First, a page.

Whether or not convenient electronic devices like breathalyzers for personal use actually increase public safety, or hinder it, remains to be seen, but for now let's just say they might help.

The 'Breathometer' from Breathometer, Inc., of Burlingame, CA, says it hopes the device and app will help users drink responsibly. The device plugs into a phone's headphone jack and, once the app is launched, users blow into the device.

“Breathometer wasn’t created just to address the risks associated with drinking and driving,” founder and Chief Executive Michael Yim said, “but to help people, their friends and family, all to make smart and safer choices when consuming alcohol. Real-time BAC measurement is the first step.”

The Breathometer is "as accurate as other consumer breathalyzers on the market," says Yim.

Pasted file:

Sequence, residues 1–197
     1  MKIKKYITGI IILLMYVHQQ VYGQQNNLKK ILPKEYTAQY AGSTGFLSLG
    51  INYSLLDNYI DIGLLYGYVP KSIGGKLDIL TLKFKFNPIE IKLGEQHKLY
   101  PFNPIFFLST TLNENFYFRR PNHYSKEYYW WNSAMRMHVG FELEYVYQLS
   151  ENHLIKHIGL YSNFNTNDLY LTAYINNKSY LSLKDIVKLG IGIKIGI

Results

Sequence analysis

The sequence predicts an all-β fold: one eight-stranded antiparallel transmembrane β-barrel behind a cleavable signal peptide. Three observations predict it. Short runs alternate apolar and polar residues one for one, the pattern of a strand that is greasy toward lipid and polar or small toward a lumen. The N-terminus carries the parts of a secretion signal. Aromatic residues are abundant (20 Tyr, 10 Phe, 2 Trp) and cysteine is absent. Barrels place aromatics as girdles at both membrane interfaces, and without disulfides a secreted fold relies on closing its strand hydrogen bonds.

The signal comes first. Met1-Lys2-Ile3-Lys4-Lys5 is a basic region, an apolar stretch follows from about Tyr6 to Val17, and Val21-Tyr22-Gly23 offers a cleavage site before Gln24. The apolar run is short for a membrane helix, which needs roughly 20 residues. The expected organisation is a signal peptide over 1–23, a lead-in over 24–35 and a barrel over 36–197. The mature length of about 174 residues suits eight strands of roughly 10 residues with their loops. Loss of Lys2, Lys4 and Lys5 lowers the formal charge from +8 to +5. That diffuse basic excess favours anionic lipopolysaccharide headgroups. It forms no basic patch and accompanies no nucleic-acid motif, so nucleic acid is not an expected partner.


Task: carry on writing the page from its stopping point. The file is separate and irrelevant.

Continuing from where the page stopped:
Sarah White from technologyguide.com says the convenience is a first because the Breathometer is compatible with the iPhone and will plug into the headphone jack; then just by breathing into the device, it will display the user’s blood alcohol content. Of course, the Breathometer is not a legal gauge of sobriety, and should probably be used for general reference and curiosity only.

It hasn’t hit the market just yet, but pre-orders start today, and the device should ship sometime in July for $100. Currently, the device is still gaining backers on Indiegogo, where it’s inching toward its $25,000 goal, and where a $20 pledge will secure a device for less than the $100 retail price, but those units won’t ship until January.

One may think that such devices add to the checks and balances we all need to make informed decisions; and perhaps they may signal for some drinkers that it's time to stop, you're sobriety is compromised... and you've had too much to drive safely.

But it raises concerns too that some may think they can drink because they have this device. And as well all know, the info gained from such things only has value to someone who's still in a position to act responsibly. Some might want to push their limits instead.